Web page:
point image at S is not diffraction limited, due mainly to atmospheric turbulences, and to a lesser degree, to aberrations and imperfections in the

telescope system.

The size of the image is dependent on the seeing Thus, with 3 = 0. 5 x 10-5( = I sec of arc) 1. 0 x 10-5 the seeing is said to be

conditions at the time of observation. the seeing is said to be good and with fair.

The size of the image in the plane of the narrow slit is 3 F 1 and, if

this is unobstructed by the slit, the size of the image at the photographic plate is



This is the width of the spectrum that results from the seeing conditions and instrumental parameters alone and is denoted by Sy S11, to differentiate it from The slit width

the image size parallel to the direction of dispersion.

i 3)








(I 0








ub )

Wf 0








corresponding to the line.,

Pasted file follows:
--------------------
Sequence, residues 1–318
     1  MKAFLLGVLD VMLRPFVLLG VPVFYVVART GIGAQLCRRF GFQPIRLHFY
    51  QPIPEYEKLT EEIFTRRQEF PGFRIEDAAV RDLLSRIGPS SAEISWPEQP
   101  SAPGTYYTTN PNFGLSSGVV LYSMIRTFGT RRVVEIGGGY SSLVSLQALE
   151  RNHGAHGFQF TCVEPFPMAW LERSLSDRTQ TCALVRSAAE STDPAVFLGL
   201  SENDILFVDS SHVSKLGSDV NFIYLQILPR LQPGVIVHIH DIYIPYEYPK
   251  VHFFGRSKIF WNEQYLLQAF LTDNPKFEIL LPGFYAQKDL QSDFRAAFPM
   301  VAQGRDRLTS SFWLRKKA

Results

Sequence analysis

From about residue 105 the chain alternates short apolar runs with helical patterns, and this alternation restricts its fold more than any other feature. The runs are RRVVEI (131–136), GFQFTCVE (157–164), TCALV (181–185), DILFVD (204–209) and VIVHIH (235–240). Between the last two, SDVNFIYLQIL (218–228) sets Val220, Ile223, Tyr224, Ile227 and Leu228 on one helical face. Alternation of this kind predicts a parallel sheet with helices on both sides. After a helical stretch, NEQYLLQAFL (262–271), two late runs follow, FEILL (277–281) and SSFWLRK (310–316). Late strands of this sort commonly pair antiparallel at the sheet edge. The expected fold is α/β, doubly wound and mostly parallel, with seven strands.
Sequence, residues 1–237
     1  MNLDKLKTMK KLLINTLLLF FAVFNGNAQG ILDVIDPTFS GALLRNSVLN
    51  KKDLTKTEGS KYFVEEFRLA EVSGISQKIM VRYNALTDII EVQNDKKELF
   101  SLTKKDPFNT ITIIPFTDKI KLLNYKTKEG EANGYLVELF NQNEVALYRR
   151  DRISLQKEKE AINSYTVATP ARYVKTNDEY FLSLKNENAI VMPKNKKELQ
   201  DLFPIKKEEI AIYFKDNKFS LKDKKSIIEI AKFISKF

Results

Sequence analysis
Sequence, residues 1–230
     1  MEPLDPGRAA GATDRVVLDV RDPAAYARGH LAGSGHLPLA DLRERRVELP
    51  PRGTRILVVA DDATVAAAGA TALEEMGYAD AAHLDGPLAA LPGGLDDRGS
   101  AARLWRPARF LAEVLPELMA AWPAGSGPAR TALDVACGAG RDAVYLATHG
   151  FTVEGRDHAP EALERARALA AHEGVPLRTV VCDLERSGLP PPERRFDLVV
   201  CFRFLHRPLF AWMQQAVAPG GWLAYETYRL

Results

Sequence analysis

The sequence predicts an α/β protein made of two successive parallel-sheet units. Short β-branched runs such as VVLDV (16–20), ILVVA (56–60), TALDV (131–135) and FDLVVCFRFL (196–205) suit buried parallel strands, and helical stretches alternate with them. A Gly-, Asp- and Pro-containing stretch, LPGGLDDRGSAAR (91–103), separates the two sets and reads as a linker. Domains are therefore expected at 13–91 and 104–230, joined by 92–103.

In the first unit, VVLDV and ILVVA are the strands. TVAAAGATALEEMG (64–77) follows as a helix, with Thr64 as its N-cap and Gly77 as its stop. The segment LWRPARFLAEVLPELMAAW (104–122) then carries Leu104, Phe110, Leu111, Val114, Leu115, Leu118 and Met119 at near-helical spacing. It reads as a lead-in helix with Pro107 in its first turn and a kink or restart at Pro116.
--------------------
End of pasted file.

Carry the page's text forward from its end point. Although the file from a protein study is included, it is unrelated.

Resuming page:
imit, /

, of the photographic

plate is given by



where i and "y are the incident and the refracted angles8 The fraction of the flux transmitted, T, by the slit is dependent on slit width and image inte~nsityi expression, distribution. In order to derive a simple In

we assume a uniformly bright square image for simplicity.

fact, of course, the intensity distribution in a star image generally follows a bell-shaped curve, It is then given by




te j A5 cos


The effective resolving power R=&by /4

I, of the spectrograph is limited Under

when the aperture ratio of the camera is greater than f/40.

such conditions

Substituting (7) in (6) we have

A01~ A


Now the factors governing the amount of flux incident on the photographic emulsion are (1) (2) (3) (4) the atmospheric transmission Kat the transmission of the telescope .-spectrograph system KTS the width of the spectrum S 1 the linear dispersion of the spectrograph

(Gombined, these expren.¶i;ionra I cdme' thn tIix ,H ii tcd by the point